There are two methods in which an appendectomy is carried out:
• Laparoscopic appendectomy- involves 3 very small incisions into the lower abdomen where a laparoscope and camera are passed into the abdomen to remove the appendix. These small incisions are often closed with glue or dissolvable stitches.
• Open appendectomy – involves 1 small incision usually around 6-8cm in length to the right of the abdomen. The appendix is then removed from the surrounding organs. The incision is closed with dissolvable or removable stitches.

Sometimes children will go to theatre for a laparoscopic appendectomy however in theatre this may change. Should this occur the surgeon will explain why this decision was made.

Care After Surgery
When your child returns to the ward they will be quite sleepy. They may still have their drip running until they wake and are able to drink normally. Your child may feel some discomfort around the incision site. Medication can help reduce this so make sure your nurse is aware if they are uncomfortable. The surgeon will have made a plan of your child’s postoperative care dependent on whether the appendix was inflamed or had burst. If the appendix had burst the intestine takes a bit longer to recover from the surgery and it may take a little longer for your child to be able to eat
and drink. A good indication the gut is beginning to work normally is that your child will begin to pass wind.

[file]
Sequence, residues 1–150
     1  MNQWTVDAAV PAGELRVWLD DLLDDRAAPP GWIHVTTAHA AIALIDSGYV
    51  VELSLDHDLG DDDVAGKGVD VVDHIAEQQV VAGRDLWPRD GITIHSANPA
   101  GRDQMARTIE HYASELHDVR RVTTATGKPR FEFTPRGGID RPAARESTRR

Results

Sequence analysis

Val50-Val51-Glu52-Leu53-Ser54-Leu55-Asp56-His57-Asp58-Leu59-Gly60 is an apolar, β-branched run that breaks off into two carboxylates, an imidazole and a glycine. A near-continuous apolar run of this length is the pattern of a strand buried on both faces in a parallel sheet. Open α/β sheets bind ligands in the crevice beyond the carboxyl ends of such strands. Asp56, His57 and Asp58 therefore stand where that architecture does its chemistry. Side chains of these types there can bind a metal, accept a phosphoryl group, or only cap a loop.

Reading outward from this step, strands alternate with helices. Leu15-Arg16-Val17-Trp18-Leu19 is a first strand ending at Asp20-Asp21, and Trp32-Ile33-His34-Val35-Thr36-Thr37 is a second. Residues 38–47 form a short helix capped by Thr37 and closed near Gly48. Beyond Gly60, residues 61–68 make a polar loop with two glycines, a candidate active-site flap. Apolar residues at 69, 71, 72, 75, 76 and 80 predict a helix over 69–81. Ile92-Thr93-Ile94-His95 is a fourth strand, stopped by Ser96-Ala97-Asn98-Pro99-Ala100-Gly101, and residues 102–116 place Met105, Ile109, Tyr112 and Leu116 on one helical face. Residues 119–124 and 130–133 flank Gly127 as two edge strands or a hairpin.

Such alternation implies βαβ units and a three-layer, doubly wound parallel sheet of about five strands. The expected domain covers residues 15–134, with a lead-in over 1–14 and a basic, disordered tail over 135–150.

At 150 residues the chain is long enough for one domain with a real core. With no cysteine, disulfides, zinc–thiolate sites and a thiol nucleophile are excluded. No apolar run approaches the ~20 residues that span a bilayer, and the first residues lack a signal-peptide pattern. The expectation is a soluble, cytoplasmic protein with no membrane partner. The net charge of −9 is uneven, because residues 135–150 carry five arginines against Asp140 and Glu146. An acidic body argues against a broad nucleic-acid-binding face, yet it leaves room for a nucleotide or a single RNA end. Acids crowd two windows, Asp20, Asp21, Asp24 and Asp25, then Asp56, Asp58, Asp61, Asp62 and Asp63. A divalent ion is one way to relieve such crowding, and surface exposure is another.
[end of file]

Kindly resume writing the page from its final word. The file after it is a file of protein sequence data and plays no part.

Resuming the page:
Once your child is eating and drinking small amounts and are able to mobilise they will hopefully be ready to be discharged home. The length in hospital stay can vary dependant on recovery time. Most children will stay between two and three days. However if the appendix had burst then the length of stay could be up to seven days as they may need a longer course of antibiotics. Sometimes children are discharged home on oral antibiotics. Prior to your child’s discharge the wound dressing should be changed. The wound site may be slightly pink but should be clean and dry.

On Discharge
Most children’s wounds will have been closed using dissolvable internal stitches, or glue. However sometimes they may have stitches that need to be removed. The community children’s nurses will contact you to arrange to remove the stitches usually around 7 days post-surgery. It is OK for your child to wash. However the wound should not be soaked. It is advised that they should shower or have a very shallow bath, not submerging the incision site, and just dab the site dry. Do NOT rub while the wound is healing.

In many cases your child will be able to return to school within a week of surgery. However, if it had burst this may take a bit longer. It is advised that they avoid any vigorous exercise or swimming until the wound has fully healed and should avoid all contact sport for 6 weeks.

When to be concerned
• If your child develops a fever.
• If the wound site becomes red, hot or swollen.
• If the wound starts to discharge/ooze.
• If your child’s tummy becomes distended (starts to swell).
• If you do not think that they are recovering as you would expect.

If any of the signs above take place you should contact your GP to ask for them to be seen or contact our community children’s nurse team for advice.